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Hive Management



I need some advice. I bought a top bar hive a couple of months ago. Where I live it is difficult to buy a ‘package of bees’, so we ended up populating the hive with a nuc from a Langstroth hive. We cut 4 Langstroth combs in half and attached each one to a top bar. The nuc had a strong brood and came with quite a few bees.

Over the 4-5 weeks since the bees where introduced into the hive, they have been very busy. I opened the hive today for the first time - they have built comb all the way to the back of the hive. However, the combs is all fairly mixed, with the top 1/3 being capped honey and the bottom 2/3 being brood comb.

I am worried about the bees running out of room and swarming. Most people recommend harvesting a few combs for honey to give the bees room to build new comb. But, I have no combs with only honey.

I decided to remove a few combs today - two of the original combs that came from the Langstroth hive. I lost some brood in the process, but it gave the bees some space and I got rid of some of the original combs (with plastic backing), which I wanted to do anyway. After I removed the 2 bars, I slid the whole hive forward to try to encourage the brood to stay in the front of the hive. Hopefully they will built new honeycomb in the back, on the new empty bars, and fill them with honey. I may need to remove a few more bars from the front again soon, depending how things look over the next week or so.

Does this seem like a reasonable approach to you? Any other suggestions? Is it normal to have so much mixed comb through the whole hive?

Thanks for your time. I’m excited to learn about the bees, but I’m new at this and few people in my area have top bar hives to give me advice.




How long is the hive? I think you’d originally mentioned that it was a Golden Mean Hive, which are relatively short (small internal volume) hives. I’ve had MANY calls this year from top bar beekeepers with their bees filling up shorter hives from one end to the other with brood+honey, with no surplus honey combs available to harvest to give the colonies more space. This sounds like the issue you’re dealing with. I’ve recommended to most that they split the hives if possible (Splits are often performed in July).

What you’ve done so far definitely sounds like steps in the right direction. If you have another hive that you can split the colony into, this would be even more helpful in the long run.

The issue with horizontal top bar hives are that they are fixed cavities, and if the cavity is too small you end up with the problem you’re running into. Ours are 42" long and while I’ve never seen brood laid from one end to the other, I’ve seen brood laid a little past halfway through the hive (16-17 bars out of 28). Prolific colonies can have HUGE brood nests!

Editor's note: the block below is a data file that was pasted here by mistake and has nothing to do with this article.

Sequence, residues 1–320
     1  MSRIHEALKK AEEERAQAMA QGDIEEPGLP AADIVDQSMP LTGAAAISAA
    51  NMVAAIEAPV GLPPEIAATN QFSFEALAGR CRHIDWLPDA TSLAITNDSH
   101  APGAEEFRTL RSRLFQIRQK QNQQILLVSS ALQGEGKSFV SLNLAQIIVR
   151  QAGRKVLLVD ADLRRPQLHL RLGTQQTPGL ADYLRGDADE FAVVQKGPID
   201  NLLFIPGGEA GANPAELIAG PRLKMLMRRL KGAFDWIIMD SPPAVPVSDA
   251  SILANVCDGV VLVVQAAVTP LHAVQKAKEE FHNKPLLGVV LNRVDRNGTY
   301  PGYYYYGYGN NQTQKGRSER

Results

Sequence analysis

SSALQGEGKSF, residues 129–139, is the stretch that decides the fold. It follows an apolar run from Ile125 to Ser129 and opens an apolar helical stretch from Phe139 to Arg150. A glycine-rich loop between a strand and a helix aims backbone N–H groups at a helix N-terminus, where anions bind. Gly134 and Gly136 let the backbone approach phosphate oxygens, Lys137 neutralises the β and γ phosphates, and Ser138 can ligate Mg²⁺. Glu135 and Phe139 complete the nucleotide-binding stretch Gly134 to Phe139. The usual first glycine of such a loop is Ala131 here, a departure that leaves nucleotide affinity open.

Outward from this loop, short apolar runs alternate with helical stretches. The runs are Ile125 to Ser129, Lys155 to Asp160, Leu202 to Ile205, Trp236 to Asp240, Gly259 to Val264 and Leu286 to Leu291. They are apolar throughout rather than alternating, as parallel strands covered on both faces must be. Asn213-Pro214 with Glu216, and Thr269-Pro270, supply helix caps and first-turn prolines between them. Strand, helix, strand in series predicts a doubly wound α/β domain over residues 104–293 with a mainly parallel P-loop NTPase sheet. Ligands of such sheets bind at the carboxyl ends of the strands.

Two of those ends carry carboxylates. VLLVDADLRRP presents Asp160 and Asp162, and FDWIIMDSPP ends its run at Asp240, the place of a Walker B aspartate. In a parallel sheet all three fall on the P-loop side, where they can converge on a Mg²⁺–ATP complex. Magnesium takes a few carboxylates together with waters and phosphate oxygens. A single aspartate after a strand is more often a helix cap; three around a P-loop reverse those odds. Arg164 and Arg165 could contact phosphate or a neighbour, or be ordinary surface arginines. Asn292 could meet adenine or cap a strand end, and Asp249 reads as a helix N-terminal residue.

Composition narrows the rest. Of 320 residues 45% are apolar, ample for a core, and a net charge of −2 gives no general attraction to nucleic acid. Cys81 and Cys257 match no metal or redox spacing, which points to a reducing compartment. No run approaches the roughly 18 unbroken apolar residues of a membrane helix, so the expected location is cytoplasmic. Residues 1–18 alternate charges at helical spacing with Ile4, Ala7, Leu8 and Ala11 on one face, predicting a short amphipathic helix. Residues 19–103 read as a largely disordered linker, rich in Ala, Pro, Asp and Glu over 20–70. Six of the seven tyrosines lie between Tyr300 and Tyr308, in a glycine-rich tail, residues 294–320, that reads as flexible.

Hi Matt,

Thanks for your comments. My hive is 28 1/2", which is shorter than yours. This may be why I am running into this difficulty.

If I split the colony, will I just hope that the split bees without the queen will make an emergency queen? Also, how far apart do you recommend placing the second hive?

Fascinating little creatures…I hope I can learn fast enough to keep up with them.

Thanks for your time,




It definitely sounds like an issue of the hive being too short for your very prolific queen!

When I split hives I usually just grab some open brood (eggs), capped brood, honey and pollen (3-5 bars or so) and move them to another hive. Make sure there are a lot of bees on the brood combs. Within a week or so they should at least have some emergency queen cells built. It could take 3-4 weeks to have a laying queen.

My hives are about 2-5 feet apart depending on the apiary site. The farther apart they are should reduce the drifting between the hives.




Purchased one of your horizontal Top Bar hives in the spring and the colony is really strong!

Ive been watching the bees build perfectly straight comb all spring and summer until the last few weeks when a bunch of board workers decided to hang around in between the window and the window cover (Apparently they are getting in there through a crack in the wood). Unfortunately i went to take a peek one day and a large clump of them spilled out onto my legs and became very upset with me. I now know what it means to be attacked by bees. Glad I got that over with.